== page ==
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Good study habits

Revision as of 20:04, 4 January 2014 by Vipul (Talk | contribs)

What study habits are optimal depends on the student, the material being studied, and the goals of the students (which may range from getting a good grade to learning the material well). However, there are a number of general study habits that can be helpful to students across a wide range of subjects and goals. This is because there is a certain degree of alignment between different study goals (learning material better usually helps one get a better grade) and there are important similarities in the process of learning different subjects.

Key takeaways

  • Always plan in extra time for assignments and plan to finish reading material enough in advance to allow for review.
  • Reduce or eliminate distractions while studying.
  • Shallow processing involve studying meaningless, superficial properties of what you are trying to learn, like mindless re-reading or memorization. The deepest levels of processing involve thinking about material meaningfully, interpreting the information and relating it to your prior knowledge or experience, or creating a mental image of the information. Deeper processing leads to better recall. (Chew gives strategies for engaging in deeper processing in the linked PDF.)
  • When you study a subject beyond the point where you can recall it successfully; you can recall it quickly and easily. So "overlearning" the material increases performance.
  • Studying in a group can be effective, but it is also one of the easiest ways of fooling yourself into believing you are prepared when you really aren’t. If the group norm is that everyone studies hard and uses good study strategies, then the group will succeed. If the norm is that group uses bad study strategies and has many distractions, then you won’t learn. Everyone should come prepared and ready to contribute.

The material on this page is based on extensive discussions with students, personal teaching experience, an understanding of the psychological and review of the external resources at the end,

Cramming, forgetting, and spaced repetition

There has been extensive research on the forgetting curve, a description of how quickly people forget stuff. This research confirms what we already know from common sense and experience, namely that cramming a lot of stuff the day before the test does not lead to good long-term retention. Rather, reviewing the material in small chunks and regularly is optimal for long-term retention.

A particular learning method called wikipedia:spaced repetition (see also this overview), where facts are periodically reviewed at increasing time intervals between successive review periods, has been shown to be more effective at memorizing lists for long-term retention. However, although spaced repetition is better for memorizing lists, a lot of study can be done effectively with very little memorization required. Therefore, while the philosophy behind spaced repetition is sound, your first line of attack should be to reduce the amount you need to memorize using the techniques of deep learning and overlearning. If there is still a substantial amount of relatively unmotivated stuff that you need to memorize, consider spaced repetition.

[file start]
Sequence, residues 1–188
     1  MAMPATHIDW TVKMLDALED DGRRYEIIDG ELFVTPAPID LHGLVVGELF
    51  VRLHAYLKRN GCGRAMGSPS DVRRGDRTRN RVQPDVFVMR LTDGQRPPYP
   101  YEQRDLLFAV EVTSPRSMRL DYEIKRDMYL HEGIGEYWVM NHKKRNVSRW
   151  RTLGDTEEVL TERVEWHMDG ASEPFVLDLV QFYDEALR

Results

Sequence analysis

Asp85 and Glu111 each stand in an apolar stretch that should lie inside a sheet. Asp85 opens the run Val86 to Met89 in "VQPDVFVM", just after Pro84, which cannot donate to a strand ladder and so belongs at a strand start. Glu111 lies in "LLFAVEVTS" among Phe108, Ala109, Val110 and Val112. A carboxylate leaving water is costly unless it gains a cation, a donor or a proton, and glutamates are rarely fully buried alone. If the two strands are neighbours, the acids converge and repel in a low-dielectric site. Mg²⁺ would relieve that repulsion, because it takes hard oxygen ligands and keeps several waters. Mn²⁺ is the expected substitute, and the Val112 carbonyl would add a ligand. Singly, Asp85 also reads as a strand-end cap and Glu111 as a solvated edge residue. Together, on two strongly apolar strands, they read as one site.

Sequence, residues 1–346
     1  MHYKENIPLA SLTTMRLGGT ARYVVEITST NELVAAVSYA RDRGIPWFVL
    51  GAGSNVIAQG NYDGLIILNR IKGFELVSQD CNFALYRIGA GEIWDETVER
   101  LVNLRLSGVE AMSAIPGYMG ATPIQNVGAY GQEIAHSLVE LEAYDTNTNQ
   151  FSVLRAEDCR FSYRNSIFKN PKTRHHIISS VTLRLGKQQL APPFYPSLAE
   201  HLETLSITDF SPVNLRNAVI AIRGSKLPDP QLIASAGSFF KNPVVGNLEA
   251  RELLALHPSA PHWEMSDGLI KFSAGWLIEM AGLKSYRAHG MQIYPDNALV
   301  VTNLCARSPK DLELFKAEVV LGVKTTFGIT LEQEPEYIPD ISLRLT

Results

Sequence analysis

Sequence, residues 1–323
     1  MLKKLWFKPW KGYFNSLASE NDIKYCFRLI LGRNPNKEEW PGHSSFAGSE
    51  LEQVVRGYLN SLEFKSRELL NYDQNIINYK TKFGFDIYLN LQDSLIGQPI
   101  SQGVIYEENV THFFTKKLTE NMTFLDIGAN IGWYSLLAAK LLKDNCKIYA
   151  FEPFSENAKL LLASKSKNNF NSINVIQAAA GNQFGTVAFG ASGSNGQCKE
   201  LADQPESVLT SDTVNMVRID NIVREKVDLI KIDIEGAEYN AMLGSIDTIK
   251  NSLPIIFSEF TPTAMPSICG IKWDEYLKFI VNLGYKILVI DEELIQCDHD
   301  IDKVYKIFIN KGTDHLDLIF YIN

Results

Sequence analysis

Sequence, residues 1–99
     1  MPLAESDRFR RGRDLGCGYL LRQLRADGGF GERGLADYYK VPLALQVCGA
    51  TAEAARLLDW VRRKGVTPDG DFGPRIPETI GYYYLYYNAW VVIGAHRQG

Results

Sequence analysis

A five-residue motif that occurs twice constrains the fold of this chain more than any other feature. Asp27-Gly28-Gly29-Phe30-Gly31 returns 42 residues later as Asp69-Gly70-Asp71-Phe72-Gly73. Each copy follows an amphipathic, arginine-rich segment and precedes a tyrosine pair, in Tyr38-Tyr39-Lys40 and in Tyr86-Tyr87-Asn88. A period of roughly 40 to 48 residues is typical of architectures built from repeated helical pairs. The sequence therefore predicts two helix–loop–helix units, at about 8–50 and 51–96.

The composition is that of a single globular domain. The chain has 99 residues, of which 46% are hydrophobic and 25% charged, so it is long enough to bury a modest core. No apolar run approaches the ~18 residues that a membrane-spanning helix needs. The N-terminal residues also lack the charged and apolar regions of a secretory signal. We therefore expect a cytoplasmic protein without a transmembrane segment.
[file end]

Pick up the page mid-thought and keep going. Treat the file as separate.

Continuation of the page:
A fee caveats are in order:

  • Cramming can be an effective strategy if your sole goal is to do well on tests (i.e., you do not want to retain the information for the long term) and the test tests very directly for the knowledge crammed (so you do not need to process it or learn it deeply). Even here, however, cramming may pay off only in the limited setting where there is a single occasion for testing the material: with two or more tests (such as midterms and a final) cramming may not be time-effective.
  • The advice to start early and review regularly is easier said than done. Many people have issues with procrastination and akrasia and even the knowledge of this fact may not help them learn and review material regularly. A good workaround here is to choose instructors and peer environments that make up for one's own shortcomings. For instance, a student who has trouble motivating himself or herself to review material immediately after class might find it more advantageous to study under an instructor who gives more quizzes and assignments. The student might also benefit from a peer group that creates social pressure for the student to regularly review material.
  • People may not know how to review material. These issues are discussed below in the deep learning section. Again, students facing trouble with these can work on selecting instructors and peer groups that make up for their own shortcomings.

External resources

  • Cognitive psychologist and college professor Stephen Chew combined his academic research on psychology and his classroom teaching experience to design general guidelines. His guidelines are available as a YouTube playlist and a PDF with the guidelines is also available. Chew's list coincides considerably with out recommendations. The recommendations are targeted at college students, and are focused more on people interested in learning.
  • Writer Cal Newport offers a number of study tips in his book How To Be a Straight A Student. The recommendations are targeted at college students. Newport is more focused on the minimum needed to get an A, and his advice is focused more on students interested in grades. However, the advice overlaps to a considerable extent. Newport bases his advice on many interviews with "straight A students" as well as his personal experience being one.

Using these study habits can substantially improve your ability to learn the material in your courses.

Last modified on 4 January 2014, at 20:04